1. Over the past 50 years, aerial counts have been widely used in African wildlife management; however, the accuracy of the resulting estimates has rarely been questioned. The reliability of aerial counts of large African herbivores was examined by comparing the results of a series of systematic aerial sample counts with those from a series of line transect foot counts conducted in the Lupande Game Management Area in Zambia.
2. For most large herbivore species, the estimates from the aerial counts were considerably lower than those from the ground counts. The data pointed to undercounting as a major problem of aerial surveys. During the aerial counts, significant numbers of animals were missed on the transects, first due to the low probability of spotting single animals, small groups of animals and less conspicuous ones (sighting probability bias), and secondly because part of the population was concealed by obstructions and therefore not visible to the observers (visibility bias).
3. The main factors that influence visibility of large herbivores from the air are the animals’ reactions to an over-flying aircraft, dispersion, body size and colour. Animals that move in response to an aircraft are more likely to be seen than static ones; dark-coloured animals are easier to spot than light-coloured ones against a light background; large herds are easier to detect than small ones; and large animals are more easily seen than small ones. Body size is important while trying to spot grazers and mixed feeders from the air, while colour is important for spotting browsers. This is mainly due to the differences in habitat use, with browsers being confined to the thicker habitat.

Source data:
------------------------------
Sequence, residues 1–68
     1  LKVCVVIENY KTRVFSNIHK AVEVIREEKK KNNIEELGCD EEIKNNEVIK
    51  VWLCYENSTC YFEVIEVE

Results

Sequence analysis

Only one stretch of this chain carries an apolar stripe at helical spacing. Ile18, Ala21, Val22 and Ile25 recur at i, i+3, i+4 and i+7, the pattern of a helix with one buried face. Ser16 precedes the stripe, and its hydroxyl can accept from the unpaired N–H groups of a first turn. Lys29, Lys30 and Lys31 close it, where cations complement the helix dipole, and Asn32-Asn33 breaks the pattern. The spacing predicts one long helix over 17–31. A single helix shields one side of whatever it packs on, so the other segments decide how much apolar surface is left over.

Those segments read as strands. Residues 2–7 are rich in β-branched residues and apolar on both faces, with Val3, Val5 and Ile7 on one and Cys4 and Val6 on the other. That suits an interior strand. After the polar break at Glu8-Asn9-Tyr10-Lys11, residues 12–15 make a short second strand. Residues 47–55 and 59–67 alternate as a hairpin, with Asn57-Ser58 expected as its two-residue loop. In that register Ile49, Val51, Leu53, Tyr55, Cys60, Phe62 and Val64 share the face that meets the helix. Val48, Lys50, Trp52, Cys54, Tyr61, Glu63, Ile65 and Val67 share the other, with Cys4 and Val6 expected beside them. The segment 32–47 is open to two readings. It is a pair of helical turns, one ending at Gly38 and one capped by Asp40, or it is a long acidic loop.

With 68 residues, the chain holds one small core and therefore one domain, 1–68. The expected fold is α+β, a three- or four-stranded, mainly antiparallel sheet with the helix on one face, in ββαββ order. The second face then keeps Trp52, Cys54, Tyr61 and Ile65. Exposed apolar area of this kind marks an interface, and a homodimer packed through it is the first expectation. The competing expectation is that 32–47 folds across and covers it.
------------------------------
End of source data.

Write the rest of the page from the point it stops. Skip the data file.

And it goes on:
4. To minimize undercounting bias, both conventional aerial counts and aerial line transect counts should be restricted to large conspicuous grazers and mixed feeders in medium to large group sizes, such as elephant Loxodonta africana africana, buffalo Sincerus caffer, zebra Equus burchell, wildebeest Connochaetes and lechwe Kobus leche. Operational factors, such as height, speed and strip width, should be kept within reasonable limits for conventional aerial counts. Only one species should be counted at a time, always applying the double-count technique. For aerial line transect counts, the use of a helicopter is a prerequisite to obtaining accurate estimates. Other important considerations are observer experience and flight duration.